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$1 billion donation pays tuition fees for all New York City medical school students in perpetuity

There are people here in the Bronx who are first generation, low-income students who really want to be doctors and want to pursue medicine. (CREDIT: Albert Einstein College of Medicine/LIFESTYLOGY /TMX)


Samuel Woo, a first-year student at a New York City medical school, had been weighing a career in cardiology to address his looming medical school debt. However, a recent announcement has changed his trajectory.


Ruth Gottesman, widow of a Wall Street investor, pledged a staggering $1 billion to the Albert Einstein College of Medicine, effectively eliminating tuition fees for all four-year students immediately.


 
 

The news came as a wave of relief for Woo, whose parents immigrated from South Korea. The 23-year-old, who had been juggling tutoring and cafe work to manage expenses, expressed gratitude for the newfound financial freedom. "I was definitely very emotional, and it changes a lot," Woo remarked.


Albert Einstein College of Medicine students were shocked to hear that their remaining school years would be free. (CREDIT: Albert Einstein College of Medicine/LIFESTYLOGY /TMX)


Jade Andrade, another first-year student whose parents migrated from the Philippines to rural Virginia, shared a similar sentiment. "A big wave of relief just came over me," Andrade said, reflecting on the collective reaction of students in the auditorium.


 
 

Both Woo and Andrade articulated hopes that Gottesman's extraordinary donation would pave the way for more students from low-income immigrant families to pursue careers in medicine without the burden of financial constraints.


The significance of Gottesman's donation extends beyond its monetary value. Not only is it possibly the largest donation to any U.S. medical school, but it also holds significance due to the location of Albert Einstein College of Medicine in one of the most economically disadvantaged areas of New York City and the state.


 

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Woo emphasized the impact on aspiring medical professionals from marginalized backgrounds. "There are people here in the Bronx who are first generation, low-income students who really want to be doctors and want to pursue medicine...I’m hoping that the free tuition helps alleviate some of the pressure of those students," he explained.


Andrade, 30, spoke about the liberation the announcement brought, particularly for those from immigrant households where financial considerations often loom large over life decisions.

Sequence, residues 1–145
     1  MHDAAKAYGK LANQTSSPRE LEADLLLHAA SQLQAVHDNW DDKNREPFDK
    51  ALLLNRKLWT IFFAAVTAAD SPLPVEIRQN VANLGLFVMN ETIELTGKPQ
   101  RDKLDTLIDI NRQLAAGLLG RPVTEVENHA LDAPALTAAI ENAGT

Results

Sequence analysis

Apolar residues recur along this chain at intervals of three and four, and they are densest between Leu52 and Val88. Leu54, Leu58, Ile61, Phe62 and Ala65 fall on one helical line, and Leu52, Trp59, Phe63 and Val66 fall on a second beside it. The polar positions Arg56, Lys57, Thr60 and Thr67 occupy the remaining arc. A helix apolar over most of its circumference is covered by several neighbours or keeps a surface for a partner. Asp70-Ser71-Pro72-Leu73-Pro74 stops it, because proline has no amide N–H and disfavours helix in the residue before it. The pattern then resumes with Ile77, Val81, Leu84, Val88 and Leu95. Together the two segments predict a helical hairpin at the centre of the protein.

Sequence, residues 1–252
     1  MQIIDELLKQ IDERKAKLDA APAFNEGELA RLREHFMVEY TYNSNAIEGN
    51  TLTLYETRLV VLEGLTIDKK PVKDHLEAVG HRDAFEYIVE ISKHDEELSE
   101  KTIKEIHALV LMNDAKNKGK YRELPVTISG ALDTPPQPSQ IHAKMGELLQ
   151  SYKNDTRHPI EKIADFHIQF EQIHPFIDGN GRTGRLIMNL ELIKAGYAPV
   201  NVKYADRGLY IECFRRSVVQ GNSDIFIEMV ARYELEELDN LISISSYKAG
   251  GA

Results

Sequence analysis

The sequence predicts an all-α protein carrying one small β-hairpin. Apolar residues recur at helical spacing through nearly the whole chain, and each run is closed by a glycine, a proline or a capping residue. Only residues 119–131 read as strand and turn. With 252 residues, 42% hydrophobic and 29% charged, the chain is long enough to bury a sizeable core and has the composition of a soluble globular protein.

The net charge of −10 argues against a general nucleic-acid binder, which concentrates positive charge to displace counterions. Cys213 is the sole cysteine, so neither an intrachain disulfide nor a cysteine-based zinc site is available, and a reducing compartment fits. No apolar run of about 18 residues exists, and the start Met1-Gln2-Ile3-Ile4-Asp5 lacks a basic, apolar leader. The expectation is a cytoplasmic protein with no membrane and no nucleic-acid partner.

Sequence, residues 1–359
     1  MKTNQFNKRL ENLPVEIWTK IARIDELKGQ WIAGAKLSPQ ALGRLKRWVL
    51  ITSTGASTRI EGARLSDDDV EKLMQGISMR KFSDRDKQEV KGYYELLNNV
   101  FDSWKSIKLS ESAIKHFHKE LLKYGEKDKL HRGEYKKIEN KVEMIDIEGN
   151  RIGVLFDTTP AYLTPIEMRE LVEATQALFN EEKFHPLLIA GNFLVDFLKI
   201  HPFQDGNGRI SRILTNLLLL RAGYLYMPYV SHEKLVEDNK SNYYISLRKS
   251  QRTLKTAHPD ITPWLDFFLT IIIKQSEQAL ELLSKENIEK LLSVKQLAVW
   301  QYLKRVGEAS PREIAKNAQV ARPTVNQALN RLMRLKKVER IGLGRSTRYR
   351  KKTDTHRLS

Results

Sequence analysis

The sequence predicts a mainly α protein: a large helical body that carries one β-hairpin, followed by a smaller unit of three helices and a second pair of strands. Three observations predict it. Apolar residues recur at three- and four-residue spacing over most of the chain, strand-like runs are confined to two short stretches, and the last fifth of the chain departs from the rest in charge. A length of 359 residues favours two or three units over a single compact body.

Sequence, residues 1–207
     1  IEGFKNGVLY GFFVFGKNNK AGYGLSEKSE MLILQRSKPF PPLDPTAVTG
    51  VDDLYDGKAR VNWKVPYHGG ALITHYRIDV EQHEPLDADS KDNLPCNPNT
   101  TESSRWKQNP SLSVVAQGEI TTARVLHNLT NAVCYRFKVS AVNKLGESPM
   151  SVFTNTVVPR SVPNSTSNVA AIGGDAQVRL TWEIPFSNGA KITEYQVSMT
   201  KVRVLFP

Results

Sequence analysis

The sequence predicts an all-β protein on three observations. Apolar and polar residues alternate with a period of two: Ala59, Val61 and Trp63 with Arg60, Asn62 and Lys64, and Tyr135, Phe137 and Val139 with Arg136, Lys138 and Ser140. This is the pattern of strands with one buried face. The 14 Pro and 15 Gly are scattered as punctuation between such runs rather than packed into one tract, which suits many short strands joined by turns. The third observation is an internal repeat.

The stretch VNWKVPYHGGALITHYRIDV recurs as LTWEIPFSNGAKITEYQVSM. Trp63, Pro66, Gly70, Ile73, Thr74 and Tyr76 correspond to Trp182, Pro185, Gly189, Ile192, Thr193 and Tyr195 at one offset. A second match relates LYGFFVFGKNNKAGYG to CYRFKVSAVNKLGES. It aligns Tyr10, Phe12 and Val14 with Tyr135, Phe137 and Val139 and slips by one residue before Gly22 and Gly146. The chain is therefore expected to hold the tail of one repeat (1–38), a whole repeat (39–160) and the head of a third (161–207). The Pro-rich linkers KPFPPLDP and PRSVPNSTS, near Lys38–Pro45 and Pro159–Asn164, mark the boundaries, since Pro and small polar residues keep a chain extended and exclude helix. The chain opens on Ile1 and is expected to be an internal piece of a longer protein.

The announcement of the donation evoked a powerful response from the school community, with students and faculty rising to their feet in applause, cheers, and tears. Gottesman, 93, who has been associated with the college for over five decades and serves as the chairperson of its board of trustees, was hailed for her monumental contribution.



School officials anticipate that the elimination of tuition fees will attract a more diverse pool of applicants, although there are no plans to alter the admissions policy. The donation is expected to sustain itself indefinitely through earned interest, ensuring that all students will benefit from tuition-free education.


 
 

The current tuition at the school stands at $63,000 per year, contributing to the significant debt burden carried by medical graduates. On average, medical students graduate with over $200,000 in debt, according to the Education Data Initiative.


Samuel Woo, a first-year student at Albert Einstein College of Medicine. (CREDIT: Samuel Woo, Linkedin)


While Albert Einstein College of Medicine is located in a disadvantaged area, it is not the only institution to receive transformative donations. In recent years, other medical schools, notably NYU Grossman School of Medicine and UCLA's David Geffen School of Medicine, have also received substantial contributions aimed at alleviating financial barriers for students.


 
 

Gottesman attributed her ability to make such a substantial donation to her late husband, David “Sandy” Gottesman, who built a successful career in finance. She expressed gratitude for the privilege of contributing to a cause she holds dear, citing her pioneering work in the field of learning disabilities.


Dr. Ruth Gottesman, a former professor, has donated $1 billion to a Bronx medical school, the Albert Einstein College of Medicine, with instructions that the gift be used to cover tuition for all students going forward. It is one of the largest charitable donations to an educational institution in the U.S. and most likely the largest to a medical school. (CREDIT: NY Times)


For students like Woo, the impact of the donation extends beyond financial relief. Woo recounted sharing the news with his mother, a typical immigrant parent reaction, he noted, but ultimately, her joy mirrored his own upon realizing the alleviation of the financial burden of tuition fees.


 
 

The donation from Ruth Gottesman not only removes a significant financial barrier for aspiring medical professionals but also symbolizes the power of philanthropy in shaping the future of medical education and healthcare access.


As students like Samuel Woo and Jade Andrade embark on their journeys in medicine, they do so with newfound hope and opportunity, thanks to the generosity of donors like Gottesman.




For more good news stories check out our Good News section at The Brighter Side of News.


 

Note: Materials provided above by The Brighter Side of News. Content may be edited for style and length.


 
 

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